• The units of VaR is the units of the portfolio (e.g. GBP, USD or EUR), but that we could write this as a

percentage of the initial portfolio value (i.e. as a return)

4

The Background to Value at Risk

• VaR was first used in the 1980’s by large financial firms to measure the risk of their trading portfolios

• In 1993, the ‘group of thirty’ (a group of 30 prominent US financiers, bankers and academics)

commissioned a report that recommended the use of VaR for all banks to measure the risk of their

derivatives positions

• VaR gained popularity following the launch by JP Morgan in 1994, of Riskmetrics, an integrated package

to enable companies to measure VaR

• In 1996, the Basle Committee on Banking Supervision required banks to set capital requirements

according to ‘internal models’ of market risk, leaving the choice of model to each bank, subject to certain

stringent criteria. Under BCBS recommendations, the estimated VaR for a bank translates directly into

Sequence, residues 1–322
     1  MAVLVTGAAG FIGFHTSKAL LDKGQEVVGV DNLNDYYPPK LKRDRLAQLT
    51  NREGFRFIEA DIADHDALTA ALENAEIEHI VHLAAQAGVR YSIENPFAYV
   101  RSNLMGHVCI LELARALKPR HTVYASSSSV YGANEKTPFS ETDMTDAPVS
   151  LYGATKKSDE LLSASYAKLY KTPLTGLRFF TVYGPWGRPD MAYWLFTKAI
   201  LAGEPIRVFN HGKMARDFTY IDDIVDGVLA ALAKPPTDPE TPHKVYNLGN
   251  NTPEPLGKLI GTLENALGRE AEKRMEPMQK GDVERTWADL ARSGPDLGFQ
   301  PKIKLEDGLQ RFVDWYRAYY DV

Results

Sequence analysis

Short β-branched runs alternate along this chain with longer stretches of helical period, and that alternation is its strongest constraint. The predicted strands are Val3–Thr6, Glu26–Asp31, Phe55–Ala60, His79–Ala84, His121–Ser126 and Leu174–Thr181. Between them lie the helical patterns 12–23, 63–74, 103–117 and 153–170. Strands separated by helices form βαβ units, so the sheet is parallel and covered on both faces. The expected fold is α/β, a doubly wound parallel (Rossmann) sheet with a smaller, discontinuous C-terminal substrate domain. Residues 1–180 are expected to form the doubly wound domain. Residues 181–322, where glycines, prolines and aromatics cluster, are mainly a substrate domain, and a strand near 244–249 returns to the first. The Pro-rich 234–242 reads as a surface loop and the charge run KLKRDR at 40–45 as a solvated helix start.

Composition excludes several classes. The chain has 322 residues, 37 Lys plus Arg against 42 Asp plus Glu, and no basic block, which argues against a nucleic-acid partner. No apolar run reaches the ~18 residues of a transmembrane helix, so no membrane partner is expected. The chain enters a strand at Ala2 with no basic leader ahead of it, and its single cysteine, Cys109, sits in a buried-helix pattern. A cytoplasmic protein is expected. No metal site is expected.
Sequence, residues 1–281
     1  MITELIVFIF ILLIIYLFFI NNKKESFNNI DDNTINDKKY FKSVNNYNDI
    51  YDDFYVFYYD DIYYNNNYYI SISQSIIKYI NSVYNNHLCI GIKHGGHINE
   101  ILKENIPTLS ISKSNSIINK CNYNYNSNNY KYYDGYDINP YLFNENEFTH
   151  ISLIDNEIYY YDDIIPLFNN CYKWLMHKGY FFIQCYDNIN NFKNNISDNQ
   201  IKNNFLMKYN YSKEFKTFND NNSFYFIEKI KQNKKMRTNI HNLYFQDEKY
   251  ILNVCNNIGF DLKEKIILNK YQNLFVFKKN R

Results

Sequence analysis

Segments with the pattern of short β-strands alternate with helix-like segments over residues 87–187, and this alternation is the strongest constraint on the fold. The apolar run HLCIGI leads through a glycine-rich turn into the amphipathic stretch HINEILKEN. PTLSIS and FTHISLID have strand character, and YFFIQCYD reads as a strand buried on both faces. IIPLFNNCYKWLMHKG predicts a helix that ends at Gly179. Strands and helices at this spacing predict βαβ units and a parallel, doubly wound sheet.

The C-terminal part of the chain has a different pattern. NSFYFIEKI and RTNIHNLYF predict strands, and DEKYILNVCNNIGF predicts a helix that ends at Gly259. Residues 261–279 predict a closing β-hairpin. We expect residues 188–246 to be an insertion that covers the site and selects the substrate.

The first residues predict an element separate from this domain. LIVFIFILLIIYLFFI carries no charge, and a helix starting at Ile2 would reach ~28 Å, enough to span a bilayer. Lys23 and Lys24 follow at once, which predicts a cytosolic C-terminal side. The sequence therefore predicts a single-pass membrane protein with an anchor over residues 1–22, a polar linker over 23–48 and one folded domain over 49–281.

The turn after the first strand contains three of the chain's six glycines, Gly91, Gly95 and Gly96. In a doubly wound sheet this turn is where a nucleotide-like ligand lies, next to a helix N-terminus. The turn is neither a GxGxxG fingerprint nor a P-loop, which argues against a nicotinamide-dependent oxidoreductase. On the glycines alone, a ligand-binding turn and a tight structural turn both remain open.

the capital requirements that the bank must meet. The BCBS recommends that banks hold capital equal to

three times the 99% 10-day VaR

• Depending on the effectiveness of the VaR model used, the bank may be required to increase their capital

requirement

• VaR is now widely used not just among banks, but by other financial and non-financial companies

5

The Different Approaches to Calculating Value at Risk

• Assumes a particular distribution for the portfolio return distribution, or for the underlying factors that

drive returns, and uses knowledge of that distribution to compute the appropriate quantile

Historical Simulation

• Uses the historical distribution of portfolio returns in order to compute the appropriate quantile

• Assumes a particular distribution for the underlying factors that drive portfolio returns, and then draws

randomly from these in order to simulate the distribution of portfolio returns

• Recognises that the tails of all fat-tailed distributions have a common shape, which is parameterised by

the tail index, and once this is estimated for a given portfolio, extreme quantiles of the portfolio return

distribution can be calculated

6

The variance-covariance approach

• Assume that continuously compounded (i.e. log) daily returns on the S&P500 are normally distributed